A total of 514 patients agreed to participate in the study (86% of the practice population of patients treated for hypertension aged 50–75 years; 13.5% diabetic). Thirty patients had transferred out of the practice or died between the audit date and clinic appointment and the remaining 57 declined to attend the nurse-led clinic. Average office blood pressure was available in 432/514 (84%) of recruited patients, 16% had no recorded blood pressure measurement in previous year). There were significant differences between the three measures of office blood pressure in terms of the proportion of patients meeting each target. For example, using average, last and nurse blood pressure resulted in 37%, 49% and 39% of the population, respectively, achieving the GMS target of <150/90 mmHg (Table 1). Ambulatory blood pressure results were available in 445 (87%) of recruited patients. The commonest reasons for ambulatory blood pressure data being unavailable were the presence of cardiac arrhythmias or the patient deciding not to undergo monitoring. Use of ambulatory blood pressure monitoring resulted in a significant increase in the proportion of patients achieving the BHS audit standard (56 versus 32%) and optimal standard (31 versus 11%) for ambulatory blood pressure (P<0.001). This highlighted an extra 24% of patients who in fact had adequate blood pressure control.
This study has shown that, when a single practice assesses the proportion of treated hypertensive patients achieving the recommended blood pressure targets, office and ambulatory measurements of blood pressure give markedly different results. Assessing blood pressure control based on a single measurement and/or a single visit is unlikely to be reliable, but calculating the average office blood pressure over the previous year results in significantly fewer patients achieving the GMS target.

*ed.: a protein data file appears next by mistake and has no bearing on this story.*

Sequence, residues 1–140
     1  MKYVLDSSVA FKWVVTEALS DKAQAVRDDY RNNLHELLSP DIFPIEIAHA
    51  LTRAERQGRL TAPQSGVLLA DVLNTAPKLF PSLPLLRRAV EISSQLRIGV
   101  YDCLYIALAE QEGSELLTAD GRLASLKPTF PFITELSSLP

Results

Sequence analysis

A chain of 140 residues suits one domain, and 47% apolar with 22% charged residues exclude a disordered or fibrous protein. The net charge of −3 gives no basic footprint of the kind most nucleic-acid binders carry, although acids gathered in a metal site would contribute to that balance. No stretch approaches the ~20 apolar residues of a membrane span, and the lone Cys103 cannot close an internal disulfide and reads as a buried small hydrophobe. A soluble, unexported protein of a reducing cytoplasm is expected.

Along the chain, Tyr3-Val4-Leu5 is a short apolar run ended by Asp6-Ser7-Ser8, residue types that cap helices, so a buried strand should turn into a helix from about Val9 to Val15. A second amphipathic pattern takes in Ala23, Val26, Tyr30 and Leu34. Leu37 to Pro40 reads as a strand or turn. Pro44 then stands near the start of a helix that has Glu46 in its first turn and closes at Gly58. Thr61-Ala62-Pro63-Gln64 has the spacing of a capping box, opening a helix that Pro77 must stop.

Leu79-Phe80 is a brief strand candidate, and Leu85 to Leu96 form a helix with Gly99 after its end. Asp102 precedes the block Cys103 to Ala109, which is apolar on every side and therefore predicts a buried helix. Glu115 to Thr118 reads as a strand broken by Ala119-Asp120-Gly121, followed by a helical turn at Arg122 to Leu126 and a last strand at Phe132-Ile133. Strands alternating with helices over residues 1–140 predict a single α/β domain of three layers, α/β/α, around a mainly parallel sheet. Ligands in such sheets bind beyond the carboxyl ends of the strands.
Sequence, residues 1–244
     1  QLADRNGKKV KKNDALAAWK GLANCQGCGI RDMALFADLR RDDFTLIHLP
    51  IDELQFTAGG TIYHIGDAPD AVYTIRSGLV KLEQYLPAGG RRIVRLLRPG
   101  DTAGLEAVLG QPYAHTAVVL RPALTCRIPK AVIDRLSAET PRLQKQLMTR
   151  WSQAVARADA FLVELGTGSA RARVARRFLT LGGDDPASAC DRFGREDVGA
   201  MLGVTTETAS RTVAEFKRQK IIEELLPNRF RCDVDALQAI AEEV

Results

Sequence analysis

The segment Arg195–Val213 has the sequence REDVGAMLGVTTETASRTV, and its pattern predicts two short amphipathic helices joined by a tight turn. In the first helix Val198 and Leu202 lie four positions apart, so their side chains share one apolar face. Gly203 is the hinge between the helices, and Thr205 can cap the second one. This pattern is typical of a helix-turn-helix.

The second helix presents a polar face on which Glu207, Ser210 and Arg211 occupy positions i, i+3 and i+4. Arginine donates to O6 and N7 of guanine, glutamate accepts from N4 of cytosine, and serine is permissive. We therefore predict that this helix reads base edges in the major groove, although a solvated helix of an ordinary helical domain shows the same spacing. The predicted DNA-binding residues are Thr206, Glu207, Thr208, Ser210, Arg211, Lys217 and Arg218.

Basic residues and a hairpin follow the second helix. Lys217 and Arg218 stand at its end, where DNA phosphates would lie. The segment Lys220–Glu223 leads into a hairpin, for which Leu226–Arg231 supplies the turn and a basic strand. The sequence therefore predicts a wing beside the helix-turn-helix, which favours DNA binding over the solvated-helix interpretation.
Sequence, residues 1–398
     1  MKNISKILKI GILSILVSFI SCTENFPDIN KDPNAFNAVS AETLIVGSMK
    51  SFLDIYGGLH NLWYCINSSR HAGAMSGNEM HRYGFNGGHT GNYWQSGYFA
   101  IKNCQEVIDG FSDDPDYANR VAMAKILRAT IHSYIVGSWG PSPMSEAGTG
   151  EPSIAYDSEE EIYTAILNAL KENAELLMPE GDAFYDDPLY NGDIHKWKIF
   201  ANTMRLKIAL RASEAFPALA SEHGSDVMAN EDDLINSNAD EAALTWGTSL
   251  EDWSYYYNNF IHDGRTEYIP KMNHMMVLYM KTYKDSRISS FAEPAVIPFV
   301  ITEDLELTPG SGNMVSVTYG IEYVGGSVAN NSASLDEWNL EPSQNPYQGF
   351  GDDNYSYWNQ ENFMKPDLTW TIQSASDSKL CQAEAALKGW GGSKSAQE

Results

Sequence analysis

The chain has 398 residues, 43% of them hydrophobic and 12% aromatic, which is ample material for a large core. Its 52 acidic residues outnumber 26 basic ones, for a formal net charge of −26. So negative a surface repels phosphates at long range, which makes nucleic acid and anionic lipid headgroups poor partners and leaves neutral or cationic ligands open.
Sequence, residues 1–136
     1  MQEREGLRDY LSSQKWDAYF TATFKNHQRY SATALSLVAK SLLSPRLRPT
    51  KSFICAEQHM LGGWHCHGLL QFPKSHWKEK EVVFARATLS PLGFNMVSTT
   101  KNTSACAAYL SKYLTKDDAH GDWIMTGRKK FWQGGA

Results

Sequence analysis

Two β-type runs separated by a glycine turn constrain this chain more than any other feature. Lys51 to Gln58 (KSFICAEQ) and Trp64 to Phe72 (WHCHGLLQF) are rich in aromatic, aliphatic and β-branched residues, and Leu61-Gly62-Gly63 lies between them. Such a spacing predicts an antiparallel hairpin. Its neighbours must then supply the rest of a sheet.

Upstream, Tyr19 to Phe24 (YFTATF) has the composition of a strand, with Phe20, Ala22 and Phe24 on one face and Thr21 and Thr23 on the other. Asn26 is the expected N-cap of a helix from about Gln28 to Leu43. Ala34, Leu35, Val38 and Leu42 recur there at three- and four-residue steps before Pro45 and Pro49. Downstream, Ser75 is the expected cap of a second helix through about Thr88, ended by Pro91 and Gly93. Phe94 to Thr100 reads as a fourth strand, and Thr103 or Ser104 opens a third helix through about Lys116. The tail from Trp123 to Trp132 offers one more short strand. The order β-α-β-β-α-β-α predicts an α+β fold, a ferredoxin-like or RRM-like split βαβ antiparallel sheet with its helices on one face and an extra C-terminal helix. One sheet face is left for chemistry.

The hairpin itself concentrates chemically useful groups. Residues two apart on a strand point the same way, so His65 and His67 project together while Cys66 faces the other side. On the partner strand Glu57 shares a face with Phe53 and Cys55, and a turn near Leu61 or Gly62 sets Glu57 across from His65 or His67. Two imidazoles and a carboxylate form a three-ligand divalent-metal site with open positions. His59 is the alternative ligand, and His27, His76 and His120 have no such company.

The study sample represented 86% of the eligible patients. Office blood pressure measurements were made using calibrated mercury sphygmomanometers and ambulatory blood pressure measurements using validated, calibrated devices. Data on the pre-treatment blood pressure was not collected which may have added to the study.
Providing a high quality service for patients with hypertension is dependent on being able to correctly identify those patients with suboptimal blood pressure control in whom additional treatment is necessary, and similarly identifying patients who have adequate blood pressure control (up to 30% will show a white-coat effect) in whom the risks and costs of additional treatment can be avoided. There is recent evidence that suboptimal ambulatory blood pressure is a more powerful prognostic indicator in treated hypertensives,5 and we have previously shown that annual ambulatory blood pressure monitoring is cost effective in this population of patients.6
There needs to be more specific guidance and standardisation in the methodology used for assessing blood pressure control, particularly if these measurements are being used as quality indicators of clinical practice.
We are grateful to Carole Plant who provided administrative support for the study and Joan Waldron and her team of reception staff for obtaining patient notes.
Ambulatory blood pressure measurement devices were purchased with an unrestricted donation from Pfizer UK Ltd
Ethical approval was given by the Southern Derbyshire Local Research Ethics Committee (SDEC 98/12/139/NC)
The authors have stated that there are none